property, it is not bound to treat as a trust a title obtained by fraud, or mistake, or one which the holder is estopped to set up against the patty seeking relief. The libelant is entitled to a decree for the possession of the vessel. Ordered accordingly.
THE AMlllRlOAN EAGLE. l
THE S. ]}. BA:aooCK.
STEAM-SHIP Co. v. THlilAMERlOAN EA.GL11J and another.
(DiBt1'ict Oowrt, E. D.N8iJJ York. July 2; 1886.)
COLLISION TuG AND Tow AND STEAMER - TuG CLOSE TO LINE 011' PIERS....,. STEA:Mlm MOVING OUT-mABILnY 011' TUG TO AVOID /;TEAHER.
Where the tug A., with a· tow astern, was coming down the North river, in the vicinity of Pier 1, and about 175 yards from the line' of the piers, and saw another tug ahead moving e.,steamer out from that pier, but was unable to avoid collision wiill her, it was held that a: tug with a tow is bound, in this locality, to be under'such control as to be able, by stopping. to avoid a steamer seen to be moving out from a pier haIfa mile, ahead, and that the A. was consequently solely responsible for the collision.
In Admiralty. Wheeler It Oortis, for the Atlas Steam-ship OllrpenterltMosher, ·for the American Eagle. Hill, Wing It S!wudy, for the Babcock. BENEDICT, J". The collision which gave rise to this action was, in nty opinion, caused, by thefa:ult of the tug American Eagle, and not by any fault on theparf of the injured vessel, or on,the part of the tug engaged in moving that vessel out from Pier 1, North river. The fault of the American Eagle was in coming down the river with two barges lashed side by side, uporia hawser about 250 feet in length, in such 8'conditionof wind and tide, and at such speed, that she could not by stopping avoid an object ahead and distant half a mile. It is plain that if the tug had stopped when sbe saw the steamer moving out of the pier, no collision would have occurred. It was her duty, running by the pier as close as she was, to avoid a steamer so situated. Atllg in this localiuy,' undertaking to pass down the liver with a towas'tern, 175 yards off the pier, is bound to be under such 'control as will enable her to ,stop in time to avoid collision with a steamer seen to be moving out from along-side a pier. The necessity forsnch ability is made plain by the C'Ontention, on the part of the American Eagle, that she could not avoid the. steamer by porting,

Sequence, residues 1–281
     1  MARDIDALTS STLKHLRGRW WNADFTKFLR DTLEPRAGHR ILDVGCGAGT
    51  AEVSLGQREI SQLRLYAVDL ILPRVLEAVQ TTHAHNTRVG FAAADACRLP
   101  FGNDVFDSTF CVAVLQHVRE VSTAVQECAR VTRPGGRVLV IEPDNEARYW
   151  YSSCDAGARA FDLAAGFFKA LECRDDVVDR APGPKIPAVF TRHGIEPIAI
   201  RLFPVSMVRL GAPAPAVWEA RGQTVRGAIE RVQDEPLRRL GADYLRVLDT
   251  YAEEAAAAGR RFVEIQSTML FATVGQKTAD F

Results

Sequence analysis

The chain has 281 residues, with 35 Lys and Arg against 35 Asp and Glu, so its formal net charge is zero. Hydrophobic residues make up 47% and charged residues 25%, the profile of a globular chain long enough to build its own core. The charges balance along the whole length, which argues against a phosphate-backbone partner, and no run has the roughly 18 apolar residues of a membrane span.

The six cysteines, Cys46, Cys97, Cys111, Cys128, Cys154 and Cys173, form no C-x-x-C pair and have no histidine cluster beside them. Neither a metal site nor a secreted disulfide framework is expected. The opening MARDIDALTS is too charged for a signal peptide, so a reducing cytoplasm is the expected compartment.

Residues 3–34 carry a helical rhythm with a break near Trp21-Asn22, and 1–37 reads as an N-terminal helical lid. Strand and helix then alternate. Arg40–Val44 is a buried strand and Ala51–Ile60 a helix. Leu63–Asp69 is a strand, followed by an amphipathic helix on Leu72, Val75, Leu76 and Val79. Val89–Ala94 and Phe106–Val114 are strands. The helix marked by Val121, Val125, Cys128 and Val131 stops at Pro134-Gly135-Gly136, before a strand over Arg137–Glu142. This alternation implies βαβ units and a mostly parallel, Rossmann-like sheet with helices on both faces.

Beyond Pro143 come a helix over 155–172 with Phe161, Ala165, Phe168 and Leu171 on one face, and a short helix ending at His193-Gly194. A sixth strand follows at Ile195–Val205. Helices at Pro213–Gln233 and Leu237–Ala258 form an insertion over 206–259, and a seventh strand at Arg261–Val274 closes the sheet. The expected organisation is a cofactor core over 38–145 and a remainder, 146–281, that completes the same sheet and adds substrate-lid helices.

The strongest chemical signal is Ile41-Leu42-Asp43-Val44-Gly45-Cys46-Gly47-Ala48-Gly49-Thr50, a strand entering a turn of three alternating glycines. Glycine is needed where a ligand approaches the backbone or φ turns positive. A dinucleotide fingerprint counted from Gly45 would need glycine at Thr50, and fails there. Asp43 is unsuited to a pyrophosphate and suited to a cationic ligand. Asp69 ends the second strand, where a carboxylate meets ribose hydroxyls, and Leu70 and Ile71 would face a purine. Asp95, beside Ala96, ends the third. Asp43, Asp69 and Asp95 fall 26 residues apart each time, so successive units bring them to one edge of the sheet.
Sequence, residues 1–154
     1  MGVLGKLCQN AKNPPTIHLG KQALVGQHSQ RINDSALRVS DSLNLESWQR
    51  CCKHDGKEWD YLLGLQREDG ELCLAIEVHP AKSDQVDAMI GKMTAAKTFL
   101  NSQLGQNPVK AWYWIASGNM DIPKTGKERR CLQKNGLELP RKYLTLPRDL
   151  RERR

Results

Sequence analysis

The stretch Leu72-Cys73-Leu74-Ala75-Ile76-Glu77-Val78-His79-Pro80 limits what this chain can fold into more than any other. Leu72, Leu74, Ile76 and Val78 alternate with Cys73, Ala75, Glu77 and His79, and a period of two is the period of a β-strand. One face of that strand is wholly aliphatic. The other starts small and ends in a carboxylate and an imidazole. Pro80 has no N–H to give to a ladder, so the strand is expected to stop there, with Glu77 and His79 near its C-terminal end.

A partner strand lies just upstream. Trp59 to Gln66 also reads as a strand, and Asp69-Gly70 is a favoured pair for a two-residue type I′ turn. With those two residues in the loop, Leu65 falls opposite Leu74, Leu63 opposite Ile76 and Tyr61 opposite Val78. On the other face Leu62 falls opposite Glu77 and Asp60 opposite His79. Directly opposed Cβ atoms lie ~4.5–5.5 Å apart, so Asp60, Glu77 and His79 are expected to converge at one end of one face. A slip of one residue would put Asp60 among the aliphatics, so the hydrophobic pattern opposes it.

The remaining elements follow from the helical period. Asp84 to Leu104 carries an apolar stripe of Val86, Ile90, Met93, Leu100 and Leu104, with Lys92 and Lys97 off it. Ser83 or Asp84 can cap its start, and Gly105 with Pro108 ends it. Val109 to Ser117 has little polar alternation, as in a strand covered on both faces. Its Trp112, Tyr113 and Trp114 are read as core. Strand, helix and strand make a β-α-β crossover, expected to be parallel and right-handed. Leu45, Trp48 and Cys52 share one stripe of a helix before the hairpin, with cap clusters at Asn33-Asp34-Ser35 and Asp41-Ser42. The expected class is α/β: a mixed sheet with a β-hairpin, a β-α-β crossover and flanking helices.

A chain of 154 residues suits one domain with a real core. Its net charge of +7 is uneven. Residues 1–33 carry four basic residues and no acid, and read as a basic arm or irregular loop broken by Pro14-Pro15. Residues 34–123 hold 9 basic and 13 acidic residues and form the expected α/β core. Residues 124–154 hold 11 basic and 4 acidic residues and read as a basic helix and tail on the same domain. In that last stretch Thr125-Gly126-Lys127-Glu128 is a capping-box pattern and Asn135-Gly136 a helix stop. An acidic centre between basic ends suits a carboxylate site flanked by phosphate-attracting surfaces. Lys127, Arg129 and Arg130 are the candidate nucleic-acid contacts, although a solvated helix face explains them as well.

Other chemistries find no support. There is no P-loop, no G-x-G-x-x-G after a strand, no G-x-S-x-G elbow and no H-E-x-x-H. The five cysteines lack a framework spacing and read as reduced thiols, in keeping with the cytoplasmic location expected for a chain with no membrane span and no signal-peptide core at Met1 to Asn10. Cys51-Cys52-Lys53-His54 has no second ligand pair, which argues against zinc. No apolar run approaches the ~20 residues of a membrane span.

by R. D. & Wyllys Benedict, Esqs., of the New York bar.
THE WM. N.'
wecause such a movement would have brought her in collision with vessels on the outside of her. Such a state of facts might easily occur, and in such a case stopping would be the only method of avoiding collision with a vessel ahead coming out from the piers. Ability to stop within a reasonable distance is therefore a necessity to navigation, under such circumstances as are proved in this case. I entertain great doubt as to the truthof the assertion that there was no room for the American Eagle to avoid the steamer by porting; but, if she.oQuld·not port,she was bound to stop. I find no fault on the 'part ofthaBabcock.. ' Let the libelant have a decree against the American Eagle, and let the libel be dismissed as against the Babcock.
Oourt. E. D. New ,York· .
CoLL1S10N-.FLOATING LOGS-ABSENcE OF LIGHT-PASSING TUG-ENTANGLING
.., . ". . '. . .' : logs to rem.ainfioating in the water iilong-sidehi8 derrick, with no li,gllt uI;>0n them.. ;rnthe, night tlie propeller of a passing tug"whose . pilot hlid no knowledge of the P1eseilce of the logs. caught in the log$,'whereby was d&Diaged.On suit brought against the tug lor the damage, thllt she wasuot liable. .
, BENEDioT,' J. In such a locnlityas this, in the Harlem river, it was not negligence 'in the pilot the WilliamN. Beach to allow the sterIi of his boat to approach within 16 feet of the libelant's dsrrick, then fasttothe shore. As the tide was, and as the tug was handIed,Wis plain that no injury would have been done to the libelant's property there, if'. the screw of the tug had not caught in sotrieplles which the lioelant had placed and allowed to remain floating. in the water along-side his derrick.. It was in the: libelant· to leave these piles where theywere when the tug's propeller was caught and'. by them, and· this negligence was the t,he ages corlipiaiintJd of. There was DO negligence oil tbepal1'Oftlt1et'ug in the water.. No light ,h1ad been' jn failing to ".ee the piles plaeedupon them. 'The- pilot·Of the tug badIiQ knowledge of their presence, nor any reason to suspect tHeir presenee r there.; The libel !ith cQsts. ,
lReported by R. D. & Wyllys Benedict, Esqs., of the New York bar.